Catholic Encyclopedia (1913)/Carlo Gozzi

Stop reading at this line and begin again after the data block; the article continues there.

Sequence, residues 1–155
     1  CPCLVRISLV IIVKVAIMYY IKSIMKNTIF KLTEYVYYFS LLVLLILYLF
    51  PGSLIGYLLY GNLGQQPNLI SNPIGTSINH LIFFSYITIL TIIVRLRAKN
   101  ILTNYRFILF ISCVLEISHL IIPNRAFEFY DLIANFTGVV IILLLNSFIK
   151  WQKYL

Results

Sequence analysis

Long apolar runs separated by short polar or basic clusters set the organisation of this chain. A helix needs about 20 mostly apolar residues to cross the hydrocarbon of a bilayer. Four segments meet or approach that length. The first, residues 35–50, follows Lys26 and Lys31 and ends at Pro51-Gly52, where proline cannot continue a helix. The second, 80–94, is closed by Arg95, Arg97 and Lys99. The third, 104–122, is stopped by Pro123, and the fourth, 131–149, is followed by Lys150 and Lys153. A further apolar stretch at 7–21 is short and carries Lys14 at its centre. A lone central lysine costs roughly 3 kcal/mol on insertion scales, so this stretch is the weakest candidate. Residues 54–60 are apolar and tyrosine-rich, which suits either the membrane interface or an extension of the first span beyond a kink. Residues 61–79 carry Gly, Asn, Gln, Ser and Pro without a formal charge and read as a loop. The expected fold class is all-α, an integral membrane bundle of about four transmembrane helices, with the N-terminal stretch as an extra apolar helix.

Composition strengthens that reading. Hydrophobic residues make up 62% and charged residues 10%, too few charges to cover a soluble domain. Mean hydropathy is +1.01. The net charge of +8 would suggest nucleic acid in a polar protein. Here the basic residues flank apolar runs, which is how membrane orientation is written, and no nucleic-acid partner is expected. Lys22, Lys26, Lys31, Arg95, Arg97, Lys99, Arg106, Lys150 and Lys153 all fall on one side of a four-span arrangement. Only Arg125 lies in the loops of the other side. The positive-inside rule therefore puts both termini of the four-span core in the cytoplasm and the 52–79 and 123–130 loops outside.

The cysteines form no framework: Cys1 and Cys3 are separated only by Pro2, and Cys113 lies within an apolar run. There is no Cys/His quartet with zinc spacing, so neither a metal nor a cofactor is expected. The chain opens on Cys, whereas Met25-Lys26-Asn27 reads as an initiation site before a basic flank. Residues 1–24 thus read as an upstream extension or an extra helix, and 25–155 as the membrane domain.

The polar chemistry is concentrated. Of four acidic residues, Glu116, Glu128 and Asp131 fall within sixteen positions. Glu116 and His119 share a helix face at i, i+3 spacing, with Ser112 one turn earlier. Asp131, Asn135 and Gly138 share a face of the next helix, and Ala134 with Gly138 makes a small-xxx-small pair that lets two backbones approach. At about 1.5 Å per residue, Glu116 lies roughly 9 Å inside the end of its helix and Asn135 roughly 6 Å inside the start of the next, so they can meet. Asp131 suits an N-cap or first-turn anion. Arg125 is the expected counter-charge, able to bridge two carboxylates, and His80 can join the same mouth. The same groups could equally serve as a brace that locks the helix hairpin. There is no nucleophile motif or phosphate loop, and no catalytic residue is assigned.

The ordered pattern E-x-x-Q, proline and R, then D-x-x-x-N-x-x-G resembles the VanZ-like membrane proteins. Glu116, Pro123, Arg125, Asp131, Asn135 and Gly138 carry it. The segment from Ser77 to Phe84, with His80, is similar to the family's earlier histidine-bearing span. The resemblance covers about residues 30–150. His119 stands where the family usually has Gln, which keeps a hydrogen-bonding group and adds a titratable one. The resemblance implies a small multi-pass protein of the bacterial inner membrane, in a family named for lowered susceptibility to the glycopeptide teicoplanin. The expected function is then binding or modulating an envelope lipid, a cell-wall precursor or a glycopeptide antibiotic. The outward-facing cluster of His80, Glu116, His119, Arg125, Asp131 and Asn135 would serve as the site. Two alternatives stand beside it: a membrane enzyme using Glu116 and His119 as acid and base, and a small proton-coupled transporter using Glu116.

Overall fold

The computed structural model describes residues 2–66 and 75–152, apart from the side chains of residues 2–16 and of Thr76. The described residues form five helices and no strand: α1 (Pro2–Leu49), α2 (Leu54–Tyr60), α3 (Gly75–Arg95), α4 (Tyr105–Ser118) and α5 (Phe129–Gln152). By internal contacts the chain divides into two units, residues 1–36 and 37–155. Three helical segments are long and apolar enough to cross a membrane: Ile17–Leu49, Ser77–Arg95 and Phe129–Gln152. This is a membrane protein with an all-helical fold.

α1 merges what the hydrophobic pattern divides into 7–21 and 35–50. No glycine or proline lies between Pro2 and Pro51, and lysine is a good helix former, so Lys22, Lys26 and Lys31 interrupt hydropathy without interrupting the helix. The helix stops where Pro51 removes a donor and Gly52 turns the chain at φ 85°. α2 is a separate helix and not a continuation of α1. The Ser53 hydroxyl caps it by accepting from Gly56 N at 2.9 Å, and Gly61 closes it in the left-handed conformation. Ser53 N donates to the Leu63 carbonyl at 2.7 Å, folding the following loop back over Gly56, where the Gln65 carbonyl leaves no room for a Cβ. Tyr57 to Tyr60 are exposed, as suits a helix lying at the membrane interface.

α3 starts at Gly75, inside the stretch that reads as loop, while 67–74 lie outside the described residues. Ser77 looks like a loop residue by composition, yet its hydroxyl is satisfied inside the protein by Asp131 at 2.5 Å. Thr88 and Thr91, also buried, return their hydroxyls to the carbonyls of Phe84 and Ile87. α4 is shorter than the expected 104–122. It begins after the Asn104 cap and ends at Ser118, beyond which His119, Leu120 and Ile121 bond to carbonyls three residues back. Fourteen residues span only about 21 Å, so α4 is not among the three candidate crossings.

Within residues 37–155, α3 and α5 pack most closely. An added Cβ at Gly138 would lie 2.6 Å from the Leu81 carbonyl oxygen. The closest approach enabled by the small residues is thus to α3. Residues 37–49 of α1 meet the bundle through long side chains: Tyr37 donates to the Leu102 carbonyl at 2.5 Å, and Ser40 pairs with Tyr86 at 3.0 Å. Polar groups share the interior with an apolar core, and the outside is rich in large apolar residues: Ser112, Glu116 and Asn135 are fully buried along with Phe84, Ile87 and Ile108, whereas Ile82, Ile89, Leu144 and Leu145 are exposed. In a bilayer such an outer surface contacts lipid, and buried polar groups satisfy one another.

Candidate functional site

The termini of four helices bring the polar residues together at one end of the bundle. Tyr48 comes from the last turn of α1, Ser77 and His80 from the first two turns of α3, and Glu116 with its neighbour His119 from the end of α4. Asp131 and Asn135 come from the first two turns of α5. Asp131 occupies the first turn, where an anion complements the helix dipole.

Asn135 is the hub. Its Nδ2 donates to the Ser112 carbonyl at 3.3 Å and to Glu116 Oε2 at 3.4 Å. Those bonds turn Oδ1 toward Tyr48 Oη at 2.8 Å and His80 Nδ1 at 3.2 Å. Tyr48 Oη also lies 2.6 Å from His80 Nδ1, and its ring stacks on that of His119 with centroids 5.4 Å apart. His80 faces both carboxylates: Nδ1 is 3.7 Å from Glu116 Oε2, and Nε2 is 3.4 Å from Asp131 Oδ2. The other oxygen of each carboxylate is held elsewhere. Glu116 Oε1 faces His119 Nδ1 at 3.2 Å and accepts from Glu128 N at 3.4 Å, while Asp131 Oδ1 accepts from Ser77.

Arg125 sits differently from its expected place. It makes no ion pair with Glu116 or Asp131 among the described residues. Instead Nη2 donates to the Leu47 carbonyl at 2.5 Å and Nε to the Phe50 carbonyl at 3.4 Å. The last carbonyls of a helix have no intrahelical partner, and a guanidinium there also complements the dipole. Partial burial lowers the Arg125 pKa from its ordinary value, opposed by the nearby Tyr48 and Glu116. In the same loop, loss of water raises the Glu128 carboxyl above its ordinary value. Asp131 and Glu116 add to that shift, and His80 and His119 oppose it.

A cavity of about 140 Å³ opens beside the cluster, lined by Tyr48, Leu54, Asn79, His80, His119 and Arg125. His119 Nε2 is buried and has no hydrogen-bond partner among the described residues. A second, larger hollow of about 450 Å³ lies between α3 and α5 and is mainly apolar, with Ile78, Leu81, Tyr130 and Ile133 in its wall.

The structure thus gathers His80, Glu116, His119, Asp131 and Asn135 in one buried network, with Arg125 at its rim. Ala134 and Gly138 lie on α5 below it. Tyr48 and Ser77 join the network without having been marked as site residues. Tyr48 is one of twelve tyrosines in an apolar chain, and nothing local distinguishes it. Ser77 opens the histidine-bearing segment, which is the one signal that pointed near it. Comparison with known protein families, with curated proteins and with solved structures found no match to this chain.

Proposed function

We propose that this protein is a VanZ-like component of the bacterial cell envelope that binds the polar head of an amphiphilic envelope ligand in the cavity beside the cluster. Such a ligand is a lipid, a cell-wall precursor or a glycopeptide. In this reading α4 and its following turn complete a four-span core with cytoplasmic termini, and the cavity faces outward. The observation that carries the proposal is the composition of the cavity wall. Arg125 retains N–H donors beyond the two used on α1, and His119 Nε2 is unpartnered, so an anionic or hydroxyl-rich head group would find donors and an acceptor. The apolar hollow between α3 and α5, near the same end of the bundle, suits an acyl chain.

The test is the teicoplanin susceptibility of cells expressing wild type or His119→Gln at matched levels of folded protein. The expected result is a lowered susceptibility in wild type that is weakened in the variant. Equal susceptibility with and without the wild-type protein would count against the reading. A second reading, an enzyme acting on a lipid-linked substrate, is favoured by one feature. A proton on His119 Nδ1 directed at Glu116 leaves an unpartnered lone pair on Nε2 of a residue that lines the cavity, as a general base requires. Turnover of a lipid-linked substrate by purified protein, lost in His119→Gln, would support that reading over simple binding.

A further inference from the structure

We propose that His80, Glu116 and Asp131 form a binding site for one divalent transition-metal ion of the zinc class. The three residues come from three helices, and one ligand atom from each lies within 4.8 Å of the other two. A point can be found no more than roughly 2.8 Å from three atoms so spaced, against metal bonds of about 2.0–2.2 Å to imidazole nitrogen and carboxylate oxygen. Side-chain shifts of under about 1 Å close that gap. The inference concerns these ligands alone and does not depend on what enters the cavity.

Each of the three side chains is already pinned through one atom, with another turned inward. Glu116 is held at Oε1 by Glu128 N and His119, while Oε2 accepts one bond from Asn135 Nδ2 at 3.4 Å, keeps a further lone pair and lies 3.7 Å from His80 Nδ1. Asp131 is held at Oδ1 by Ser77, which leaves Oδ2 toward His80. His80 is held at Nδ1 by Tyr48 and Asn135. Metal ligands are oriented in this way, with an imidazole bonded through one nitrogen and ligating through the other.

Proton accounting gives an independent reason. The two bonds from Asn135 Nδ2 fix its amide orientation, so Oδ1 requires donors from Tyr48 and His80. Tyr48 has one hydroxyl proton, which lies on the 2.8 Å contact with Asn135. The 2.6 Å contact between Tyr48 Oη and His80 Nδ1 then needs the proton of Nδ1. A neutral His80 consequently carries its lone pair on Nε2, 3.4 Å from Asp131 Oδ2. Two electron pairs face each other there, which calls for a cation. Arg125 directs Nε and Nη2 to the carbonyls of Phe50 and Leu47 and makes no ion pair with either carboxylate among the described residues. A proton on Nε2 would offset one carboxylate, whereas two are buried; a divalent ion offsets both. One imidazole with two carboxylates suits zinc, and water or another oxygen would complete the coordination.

Italian author, born at Venice, 1720; died 1806. He spent in military service three years that ensued upon the completion of his school studies. Then impelled by real necessity, since the family means had been wasted away, he, like his brother Gasparo, directed his attention to literature. He became a member of the Accademia dei Granelleschi, whose conservative feelings with regard to the native literary traditions he shared, and ere long began an attack upon the dramatic methods of both of the leading playwrights of the time, Chiari and Goldoni. The ignorance and the bombast of the former had excited his ire, while the reform advocated by Goldoni seemed to him undesirable, inasmuch as it involved the abolishment of the eminently Italian commedia dell' arte. To illustrate his own views as to what was likely to be a popular form of the drama in Venice, he began the composition of his "Fiabe", for whose improbable plots he derived inspiration from various collections of fantastic tales, such as those contained in the Italian "Cunto de li cunti" of Basile, the "Cabinet des fées", and Oriental compilations. From Spanish plays of the sixteenth and seventeenth centuries he also drew no little matter, and withal he freely used his own fancy and indulged lavishly his own satirical powers. There is little order, and hardly any subordination to rule in his "Fiabe", which, it should be said, differ from the commedie dell' arte, whose manner they were intended to continue, in that they are often written out in full and are not merely sketchy scenarii. They preserve the stock characters of the commedie dell' arte, such as Truffaldino, Brighella, and Pantalone, and make them speak in dialect, a fact which stood in the way of their diffusion outside of the Venetian region; and they jumble together the heroic and the grotesque, the serious and the ridiculous, the real and the fantastic, bringing on the scene devils, necromancers, knights, fairies, monsters, and like figures. The high degree of popularity attained by the "Fiabe" in the author's time, and it was enough to enable him to drive Goldoni from Venice, is explained by the presence in them of many elements of contemporaneous and topical interest. At home they later fell into oblivion in so far as theatrical repertories are concerned; for some time they continued to attract attention abroad, as is evinced by the consideration given to them by Goethe, by Schiller, who made a version of one of them, the "Turandot", by Schopenhauer, by Wagner, by Mme de Staël, and others. As J. A. Symonds has said of them, and as Wagner seemed to apprehend, they have in them good material for operatic libretti. He prepared some plays based on Spanish dramas in opposition to the spread of the sentimental drama as represented by the drame larmoyant and tragédie bourgeoise of French origin. Among other works we have from him a chivalrous and romantic poem of satiric import, practically a mock-heroic, the "Marfisa bizzarra"; the almanac entitled "Tartana degl'Influssi", which has attacks on Goldoni and Chiari; and the autobiographical "Memorie della sua vita". This last rather entertaining document was called forth by the strictures put upon him by a rival, Pietro Antonio Gratarol, whom he had previously forced from Venice by the ridicule which he had brought upon him in a comedy, the "Droghe d'amore". The "Memorie" have been translated into English by J. A. Symonds (London, 1890). The "Fiabe" have been edited by E. Masi (Bologna, 1885), with a bibliography of all Gozzi's writings, while his other works may be found in the edition published at Venice in 1802.